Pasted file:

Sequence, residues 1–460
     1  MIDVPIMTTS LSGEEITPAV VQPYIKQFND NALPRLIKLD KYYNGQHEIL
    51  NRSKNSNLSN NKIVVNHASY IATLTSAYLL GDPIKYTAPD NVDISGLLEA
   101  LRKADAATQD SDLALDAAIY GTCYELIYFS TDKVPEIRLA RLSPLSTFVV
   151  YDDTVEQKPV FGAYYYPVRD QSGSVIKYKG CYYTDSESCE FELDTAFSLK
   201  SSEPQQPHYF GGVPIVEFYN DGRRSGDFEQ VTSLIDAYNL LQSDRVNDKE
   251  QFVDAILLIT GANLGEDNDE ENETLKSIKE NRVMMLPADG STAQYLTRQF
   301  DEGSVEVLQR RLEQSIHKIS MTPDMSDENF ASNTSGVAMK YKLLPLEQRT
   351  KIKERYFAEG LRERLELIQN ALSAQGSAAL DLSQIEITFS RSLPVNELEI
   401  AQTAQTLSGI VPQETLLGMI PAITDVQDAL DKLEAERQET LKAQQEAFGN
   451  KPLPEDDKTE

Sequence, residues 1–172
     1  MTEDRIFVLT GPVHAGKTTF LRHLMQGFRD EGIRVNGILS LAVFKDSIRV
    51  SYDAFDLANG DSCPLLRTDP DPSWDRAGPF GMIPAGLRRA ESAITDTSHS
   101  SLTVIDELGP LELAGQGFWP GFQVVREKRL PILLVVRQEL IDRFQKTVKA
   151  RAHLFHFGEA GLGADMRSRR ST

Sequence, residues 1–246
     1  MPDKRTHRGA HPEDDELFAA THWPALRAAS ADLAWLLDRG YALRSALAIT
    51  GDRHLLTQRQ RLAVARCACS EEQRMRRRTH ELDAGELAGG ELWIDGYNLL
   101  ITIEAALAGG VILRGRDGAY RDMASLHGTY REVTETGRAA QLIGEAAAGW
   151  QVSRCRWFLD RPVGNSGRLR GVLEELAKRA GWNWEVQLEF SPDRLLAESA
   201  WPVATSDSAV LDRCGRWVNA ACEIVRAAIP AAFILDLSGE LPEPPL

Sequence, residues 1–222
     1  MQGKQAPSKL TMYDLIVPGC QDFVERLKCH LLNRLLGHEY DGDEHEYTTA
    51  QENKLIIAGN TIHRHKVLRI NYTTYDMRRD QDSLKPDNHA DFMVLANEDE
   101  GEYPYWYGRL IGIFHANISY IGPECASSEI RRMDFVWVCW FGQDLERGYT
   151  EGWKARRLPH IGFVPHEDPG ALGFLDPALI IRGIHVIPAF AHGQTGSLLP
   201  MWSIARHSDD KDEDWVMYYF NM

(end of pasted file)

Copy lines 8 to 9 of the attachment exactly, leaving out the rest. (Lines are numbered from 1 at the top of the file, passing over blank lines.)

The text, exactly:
   301  DEGSVEVLQR RLEQSIHKIS MTPDMSDENF ASNTSGVAMK YKLLPLEQRT
   351  KIKERYFAEG LRERLELIQN ALSAQGSAAL DLSQIEITFS RSLPVNELEI